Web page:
Monday, September 13, 2004

- Kenny Loggins, from soundtrack of Top Gun

That was a headline I used once back during winter storm season, but I think it is appropriate now. You've no doubt learned Ivan is back to Category 5, meaning the eyewall replacement cycle apparently completed last night and winds are up to 160 mph. This storm is beginning to take on a "strength of Charley and size of Frances" configuration as labeled by Accuweather.

My major concern is starting to play out. The post from last night said: "If Ivan the monster misses Cuba, travels through the Yucatan channel, and takes a more gradual turn to the north, New Orleans and the Mississippi Sound may well be in the target zone for landfall. A further shift to the west of the "uncertainty" cone to fully encompass eastern Louisiana, with the Appalachee Bay on the very eastern fringe of the cone will be the reality check for city managers of New Orleans. "

Let's put the risk to New Orleans in perspective. You can see that NHC has shifted the cone well to the west, fully encompassing the Lake Ponchartrain area on the left and terminating just above Tampa Bay on the right. It is a known fact that 72 hours is required to fully evacuate New Orleans and surrounding areas. This is because there are only 4 main routes out of town, THREE of which are bridges over water or very close to water:
- The Lake Ponchartrain Causeway proceeds north directly over the lake.
- Route 10 and 55 split near La Place, with 10 continuing west and 55 north. But 55 proceeds in between Lakes Ponchartrain to the east and Maurepas to the west.
- Route 10 East proceeds northeast over the Lake as do two smaller routes, 90 and 11.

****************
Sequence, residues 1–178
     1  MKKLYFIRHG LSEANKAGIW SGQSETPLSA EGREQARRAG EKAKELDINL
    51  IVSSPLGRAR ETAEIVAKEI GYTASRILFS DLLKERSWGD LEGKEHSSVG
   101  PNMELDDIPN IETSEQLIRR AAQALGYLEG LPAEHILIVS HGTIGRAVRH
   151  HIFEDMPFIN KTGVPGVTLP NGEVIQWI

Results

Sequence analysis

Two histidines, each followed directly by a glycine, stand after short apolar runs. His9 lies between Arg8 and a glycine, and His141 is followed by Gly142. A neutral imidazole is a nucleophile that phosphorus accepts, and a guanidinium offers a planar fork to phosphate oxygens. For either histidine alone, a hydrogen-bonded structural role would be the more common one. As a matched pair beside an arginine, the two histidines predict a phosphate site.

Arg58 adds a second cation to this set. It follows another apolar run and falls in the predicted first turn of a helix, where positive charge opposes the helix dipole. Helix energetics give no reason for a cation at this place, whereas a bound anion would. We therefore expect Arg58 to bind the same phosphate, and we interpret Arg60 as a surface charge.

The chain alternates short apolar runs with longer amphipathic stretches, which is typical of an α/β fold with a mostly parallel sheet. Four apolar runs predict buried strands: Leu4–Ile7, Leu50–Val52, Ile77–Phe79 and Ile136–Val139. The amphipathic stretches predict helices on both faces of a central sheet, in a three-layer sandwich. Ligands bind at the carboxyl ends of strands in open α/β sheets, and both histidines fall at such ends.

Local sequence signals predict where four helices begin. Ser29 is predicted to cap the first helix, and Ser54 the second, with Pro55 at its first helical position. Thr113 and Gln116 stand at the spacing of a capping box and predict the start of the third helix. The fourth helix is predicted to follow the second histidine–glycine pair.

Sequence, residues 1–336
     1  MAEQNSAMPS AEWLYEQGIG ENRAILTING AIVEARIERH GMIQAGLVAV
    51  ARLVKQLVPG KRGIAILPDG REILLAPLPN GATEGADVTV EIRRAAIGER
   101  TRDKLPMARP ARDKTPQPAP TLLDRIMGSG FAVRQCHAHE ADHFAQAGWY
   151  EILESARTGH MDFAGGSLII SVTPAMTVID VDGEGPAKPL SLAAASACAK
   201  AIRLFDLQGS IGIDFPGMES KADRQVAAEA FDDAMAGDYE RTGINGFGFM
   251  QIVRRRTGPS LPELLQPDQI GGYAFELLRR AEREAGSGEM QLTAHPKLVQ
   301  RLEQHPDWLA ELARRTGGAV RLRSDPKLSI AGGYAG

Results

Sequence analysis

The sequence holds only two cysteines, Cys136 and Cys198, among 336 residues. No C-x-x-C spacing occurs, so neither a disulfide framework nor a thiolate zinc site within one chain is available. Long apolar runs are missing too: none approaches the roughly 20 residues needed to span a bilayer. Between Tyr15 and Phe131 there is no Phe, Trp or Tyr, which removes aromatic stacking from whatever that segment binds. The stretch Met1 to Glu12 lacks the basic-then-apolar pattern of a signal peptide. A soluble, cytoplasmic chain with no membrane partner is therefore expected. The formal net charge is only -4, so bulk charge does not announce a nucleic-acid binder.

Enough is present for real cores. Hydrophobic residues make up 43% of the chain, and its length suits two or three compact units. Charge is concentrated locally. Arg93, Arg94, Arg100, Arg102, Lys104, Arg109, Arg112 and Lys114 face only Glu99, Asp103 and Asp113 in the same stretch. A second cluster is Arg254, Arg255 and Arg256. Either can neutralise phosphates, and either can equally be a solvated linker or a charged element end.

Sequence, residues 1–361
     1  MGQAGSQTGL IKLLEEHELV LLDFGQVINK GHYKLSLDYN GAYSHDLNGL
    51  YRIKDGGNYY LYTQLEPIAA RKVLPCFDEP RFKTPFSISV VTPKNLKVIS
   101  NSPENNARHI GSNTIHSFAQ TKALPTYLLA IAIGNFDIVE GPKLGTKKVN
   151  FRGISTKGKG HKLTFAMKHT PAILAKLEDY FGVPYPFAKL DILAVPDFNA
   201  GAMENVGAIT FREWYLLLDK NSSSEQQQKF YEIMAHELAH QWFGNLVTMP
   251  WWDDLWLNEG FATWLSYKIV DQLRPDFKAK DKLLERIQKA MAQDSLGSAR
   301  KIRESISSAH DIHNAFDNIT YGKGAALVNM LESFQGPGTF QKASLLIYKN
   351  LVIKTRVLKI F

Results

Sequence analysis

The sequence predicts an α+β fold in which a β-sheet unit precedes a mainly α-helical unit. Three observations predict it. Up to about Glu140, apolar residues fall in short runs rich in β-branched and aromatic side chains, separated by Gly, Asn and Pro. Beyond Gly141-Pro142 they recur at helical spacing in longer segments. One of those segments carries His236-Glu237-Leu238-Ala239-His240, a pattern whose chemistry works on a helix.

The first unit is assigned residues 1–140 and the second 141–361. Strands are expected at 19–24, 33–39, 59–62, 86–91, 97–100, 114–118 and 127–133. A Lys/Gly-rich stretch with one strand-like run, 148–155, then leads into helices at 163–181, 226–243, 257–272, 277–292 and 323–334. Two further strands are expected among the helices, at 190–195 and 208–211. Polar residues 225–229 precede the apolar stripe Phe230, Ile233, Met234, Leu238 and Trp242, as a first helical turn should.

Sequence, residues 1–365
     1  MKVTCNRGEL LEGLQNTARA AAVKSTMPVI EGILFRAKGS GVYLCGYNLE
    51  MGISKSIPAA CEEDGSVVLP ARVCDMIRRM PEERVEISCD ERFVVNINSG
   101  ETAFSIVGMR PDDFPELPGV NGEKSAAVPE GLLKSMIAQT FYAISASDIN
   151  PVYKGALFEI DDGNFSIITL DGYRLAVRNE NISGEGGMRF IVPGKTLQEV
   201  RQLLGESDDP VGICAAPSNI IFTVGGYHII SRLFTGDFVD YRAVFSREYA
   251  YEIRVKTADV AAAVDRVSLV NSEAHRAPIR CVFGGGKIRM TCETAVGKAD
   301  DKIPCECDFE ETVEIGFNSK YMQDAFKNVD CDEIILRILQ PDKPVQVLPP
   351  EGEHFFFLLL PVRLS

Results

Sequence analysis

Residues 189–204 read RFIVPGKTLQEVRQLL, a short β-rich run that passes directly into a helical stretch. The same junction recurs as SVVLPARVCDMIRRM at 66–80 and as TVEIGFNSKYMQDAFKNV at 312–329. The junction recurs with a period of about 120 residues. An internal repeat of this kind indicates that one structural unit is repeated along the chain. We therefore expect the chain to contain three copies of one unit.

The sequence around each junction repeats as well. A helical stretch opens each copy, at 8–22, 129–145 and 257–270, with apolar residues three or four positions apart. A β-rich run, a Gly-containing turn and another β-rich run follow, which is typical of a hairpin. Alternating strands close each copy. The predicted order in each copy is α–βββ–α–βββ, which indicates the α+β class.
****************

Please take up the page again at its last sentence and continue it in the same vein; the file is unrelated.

With a major hurricane churning northward in the Gulf, swells and wave action will increase well in advance of the storm. What if Ivan continues playing the hard to get game, and keeping everyone guessing as to it's final trajectory right to the end? Imagine the fright and panic of many when there is still 24 hours before the storm's arrival, and major evacuation routes out of New Orleans are flooded due to overwash and swells. This one of the many reasons why this city is at high risk for a major catastrophe someday.

The bottom line for today?
Ivan is going to flucuate right around the cusp of Category 5, which I hope spurns people in the NO, LA to Panama City, FL area including Biloxi, Gulfport and Pensacola to seriously consider evacuation procedures. Every mile it drifts westward, and delays the northward turn, eastern Louisiana is at more and more risk of landfall by a major hurricane. But for it appears the Pensacola area is in the danger zone.

The next update will be late this afternoon following the 5pm advisory.
Continuing checking the tropical links to the left for current details.

No comments: